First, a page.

Let’s assume you run a B2B retail business selling office supplies to various companies. When you deliver goods to a client, they receive an invoice with payment terms of 30 days. However, instead of waiting for the full 30 days to receive payment, you can sell that invoice to a financial institution or factor. They’ll pay you a portion of the invoice value upfront, allowing you to have immediate cash on hand to cover your business expenses. This process of selling your accounts receivable is akin to getting paid instantly rather than waiting for your client to settle their bill.

What are the Steps Involved in Selling Accounts Receivable?

Selling accounts receivable involves evaluating and selecting unpaid invoices, making agreements with factoring companies, verifying the validity of the receivables, and selling them at a discounted rate. Once sold, the buyer takes over the responsibility of collecting payments from debtors.

Process Of Selling Accounts Receivable

1. Evaluation:

Assess the accounts receivable portfolio to determine which invoices or receivables to sell. Consider factors such as the age of the receivables, customer creditworthiness, and the total outstanding amount.

2. Choose a financing option:

Select the appropriate financing method based on your business needs and preferences. Options include invoice factoring, invoice discounting, asset-based lending (ABL), supply chain finance (SCF), or peer-to-peer (P2P) lending.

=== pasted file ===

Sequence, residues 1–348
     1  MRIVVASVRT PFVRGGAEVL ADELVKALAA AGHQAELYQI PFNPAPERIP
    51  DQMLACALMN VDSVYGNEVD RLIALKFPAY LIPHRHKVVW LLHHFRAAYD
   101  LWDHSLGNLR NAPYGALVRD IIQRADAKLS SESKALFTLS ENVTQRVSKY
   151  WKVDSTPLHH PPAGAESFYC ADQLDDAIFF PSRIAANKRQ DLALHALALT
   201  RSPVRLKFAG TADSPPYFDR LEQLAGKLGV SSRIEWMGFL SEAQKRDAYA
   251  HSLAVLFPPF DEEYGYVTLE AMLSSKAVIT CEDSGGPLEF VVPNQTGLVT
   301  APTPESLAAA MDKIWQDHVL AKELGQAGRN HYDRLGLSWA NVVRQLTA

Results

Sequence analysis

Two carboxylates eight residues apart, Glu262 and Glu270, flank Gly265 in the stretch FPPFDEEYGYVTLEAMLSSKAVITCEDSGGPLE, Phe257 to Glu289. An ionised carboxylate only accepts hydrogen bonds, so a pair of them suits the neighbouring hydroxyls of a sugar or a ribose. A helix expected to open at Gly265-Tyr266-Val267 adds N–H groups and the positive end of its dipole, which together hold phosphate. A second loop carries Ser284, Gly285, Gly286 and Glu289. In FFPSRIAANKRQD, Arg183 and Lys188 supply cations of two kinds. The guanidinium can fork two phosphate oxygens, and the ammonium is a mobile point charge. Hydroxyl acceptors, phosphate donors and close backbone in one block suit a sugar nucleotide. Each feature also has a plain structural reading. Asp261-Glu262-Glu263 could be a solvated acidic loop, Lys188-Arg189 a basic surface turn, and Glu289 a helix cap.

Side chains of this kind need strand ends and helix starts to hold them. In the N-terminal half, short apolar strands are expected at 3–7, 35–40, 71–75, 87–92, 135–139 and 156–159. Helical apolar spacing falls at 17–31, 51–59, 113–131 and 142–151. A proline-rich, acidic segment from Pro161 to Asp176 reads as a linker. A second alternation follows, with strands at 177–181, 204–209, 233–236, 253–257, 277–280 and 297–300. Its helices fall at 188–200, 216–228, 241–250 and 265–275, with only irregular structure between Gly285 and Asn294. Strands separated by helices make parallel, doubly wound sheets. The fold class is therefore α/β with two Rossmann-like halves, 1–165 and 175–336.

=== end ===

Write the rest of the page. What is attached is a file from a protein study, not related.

3. Find a buyer or lender:

Research and identify potential buyers or lenders who offer accounts receivable financing. This may include traditional financial institutions, specialized lenders, or online platforms.

4. Negotiate terms:

Initiate discussions with potential buyers or lenders to negotiate terms and conditions of the financing arrangement. Key considerations include advance rates, discount rates, fees, repayment terms, and recourse options.

5. Due diligence:

Provide relevant documentation and information about the accounts receivable portfolio to the buyer or lender for due diligence purposes. This may include invoices, customer information, aging reports, and financial statements.

6. Make an agreement:

Once terms are agreed upon and due diligence is completed, formalize the financing arrangement by signing a contract or agreement outlining the terms, rights, and obligations of both parties.

7. Funding: